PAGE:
Our gut microbiome is made up of good and bad bacteria. The aim is to feed and promote the growth of the beneficial bacteria.
1. Eat Well
Fermented Foods – Incorporate kim chi, sauerkraut, keffir, kombucha or miso into your diet. These foods are rich in PROBIOTICS (live microorganisms like Lactobacilli) which add to the population of good bacteria. Probiotics also produce beneficial POSTBIOTICS in the gut, such as short chain fatty acids, which have an anti-inflammatory, immunomodulatory and other health-promoting effects.
Fibre – Consume a diverse range of fruits, vegetables, wholegrains and nuts. Fibre provides PREBIOTICS which means it acts as food for the good bacteria. This stimulates growth among the pre-existing good bacteria. Fibre also helps maintain bowel health.
Fluid– Drink plenty of water. It also aids digestion and prevents constipation.
Reduce highly processed foods, sugars and artificial sweeteners – These are though to alter the gut bacteria, but also when consuming these foods, you are likely eating less of the food that is beneficial to your gut microbiota.
2. Focus on Fitness
Regular Exercise & Sleep – Ensure you make time for these two key healthy habits.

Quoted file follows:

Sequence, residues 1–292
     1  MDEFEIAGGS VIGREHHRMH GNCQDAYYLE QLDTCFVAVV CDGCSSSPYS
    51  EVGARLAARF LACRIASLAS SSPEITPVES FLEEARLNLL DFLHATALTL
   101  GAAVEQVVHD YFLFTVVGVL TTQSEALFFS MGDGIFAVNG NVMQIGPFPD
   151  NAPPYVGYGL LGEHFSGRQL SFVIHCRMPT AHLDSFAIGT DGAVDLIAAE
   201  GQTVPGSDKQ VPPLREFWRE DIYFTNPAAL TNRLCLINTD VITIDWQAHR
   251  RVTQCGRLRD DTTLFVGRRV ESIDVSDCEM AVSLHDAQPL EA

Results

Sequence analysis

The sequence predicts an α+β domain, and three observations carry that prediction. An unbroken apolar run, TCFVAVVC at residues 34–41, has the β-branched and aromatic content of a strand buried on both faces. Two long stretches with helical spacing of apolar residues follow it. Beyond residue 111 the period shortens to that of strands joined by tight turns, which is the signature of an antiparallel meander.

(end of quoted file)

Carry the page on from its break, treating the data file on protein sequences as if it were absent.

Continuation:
Stress Management – Stress and depression can reshape the gut bacteria’s composition through stress hormones and inflammation. Some strategies to reduce stress levels include deep breathing, mindfulness, yoga, sport or just going for a walk with friends or family.
Intermittent Fasting – Try periodically incorporating time restricted fasting for 12 or ideally 16 hours once or twice a week. This can have a range of positive benefits not only for metabolic health (e.g. weight control) but promote a diverse healthy gut microbiome.
There has been an explosion of scientific literature that has shed light on the crucial role of our gut microbiome in the pathogenesis of various diseases. From gastrointestinal conditions like Inflammatory Bowel Disease (IBD), Irritable Bowel Disease (IBS) and Coeliac disease, to broader health issues such as liver disease, reflux disease, and even bowel cancer. An imbalance of gut microbiota have also been associated with conditions like anxiety and depression, and obesity and Type 2 diabetes.
In our quest for optimal health, we need to support the intricate balance of microorganisms in our gut as best we can.
Disclaimer – This article is for general information and educational purposes only. It is not a substitute for professional advice. Always consult a registered health professional regarding any health-related diagnosis or treatment options.